Liz Brown: Sure. I think that a lot of people often focus on color. And they make it an argument about black and white, but there’s so much more if you want to be fully inclusive you have to think of everyone, women, LGBTQ community, people with disabilities, somebody that has dyslexia. I think that that’s really, really important to think about the full range of inclusivity rather than just focusing on black and white issues of color because it is race, class, gender.
There’s a ton of different issues tied in and it’s what in urban planning we call a wicked problem. So, a wicked problem is something that’s more complex than just one thing. It’s got a ton of stuff tied in to it and I think that’s what we’re dealing with when we’re talking about inclusion, a wicked problem.
MikeDemo: That’s very interesting. John [Neubauer 00:08:55] the former director of the [Joomla 00:08:58] World Conference wrote a blog post a few years ago talking about accessibility for people with physical disabilities, you know, using wheel chairs and things, and he ran an event in Mexico, and he was like, everything was accessible by wheel chair, and he thought that was fine going in, and then they had some attendees that needed those services, and that venue, to be able to go to the main hall, you had to go through the staff kitchen, to get to main hall because that’s where the ramps and stuff were.
Liz Brown: Oh wow.
MikeDemo: And he never thought about it, right? Because maybe he didn’t have an event where that was an issue before or maybe he was more used to western facilities that it was not an issue, so he was saying that his next event that he did, when he was looking at India, he made a big deal to think about these things because … I don’t think events deliberately try to exclude any party, but it’s interesting when I talk to people from these different groups how the little things can send messages that, I honestly don’t think the organizer intended to. They maybe just didn’t think of it.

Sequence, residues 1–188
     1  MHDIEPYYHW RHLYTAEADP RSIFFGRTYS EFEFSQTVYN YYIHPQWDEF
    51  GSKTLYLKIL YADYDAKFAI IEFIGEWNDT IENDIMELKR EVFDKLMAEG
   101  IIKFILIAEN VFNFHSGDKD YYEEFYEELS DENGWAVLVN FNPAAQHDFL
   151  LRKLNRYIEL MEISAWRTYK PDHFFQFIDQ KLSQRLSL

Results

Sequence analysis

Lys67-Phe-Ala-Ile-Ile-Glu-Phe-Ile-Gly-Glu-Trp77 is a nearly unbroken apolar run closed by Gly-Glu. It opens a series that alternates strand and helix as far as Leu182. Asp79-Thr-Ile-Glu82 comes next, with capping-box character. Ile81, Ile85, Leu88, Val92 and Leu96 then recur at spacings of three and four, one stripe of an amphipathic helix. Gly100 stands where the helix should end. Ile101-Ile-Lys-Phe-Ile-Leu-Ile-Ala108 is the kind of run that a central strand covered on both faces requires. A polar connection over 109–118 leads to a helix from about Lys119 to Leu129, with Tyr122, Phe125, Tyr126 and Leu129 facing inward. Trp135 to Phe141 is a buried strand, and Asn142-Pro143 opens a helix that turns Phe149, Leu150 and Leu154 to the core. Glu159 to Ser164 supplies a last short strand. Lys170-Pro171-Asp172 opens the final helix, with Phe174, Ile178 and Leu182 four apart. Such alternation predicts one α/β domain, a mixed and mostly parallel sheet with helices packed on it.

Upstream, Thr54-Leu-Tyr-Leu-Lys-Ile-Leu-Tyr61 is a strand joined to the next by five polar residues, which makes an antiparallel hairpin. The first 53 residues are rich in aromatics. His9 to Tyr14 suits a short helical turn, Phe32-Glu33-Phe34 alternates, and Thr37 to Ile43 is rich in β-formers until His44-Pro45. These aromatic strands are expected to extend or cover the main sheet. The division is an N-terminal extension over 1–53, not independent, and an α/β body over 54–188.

Liz Brown: Oh, it’s so true. And that’s why I had mentioned JS Kongress because I really … It was one of the first times I ever saw somebody, as far as organizers, really go out of their way to try to be accommodating and try to imagine the journey of others. Because my background is user experience, so I’m always thinking, okay, if I want to have an event, I want everyone to have a good experience.
I don’t want people to have to go through a kitchen to get in to the venue, and I think that’s an issue that a lot of people really aren’t thinking about. Part of it is because they’re not pulling together the right group of organizers. I think every group of organizers actually should have a user experienced person or experienced designer to really think about what is the journey of everyone, because there’s a developer, a female developer, that I keep hearing about.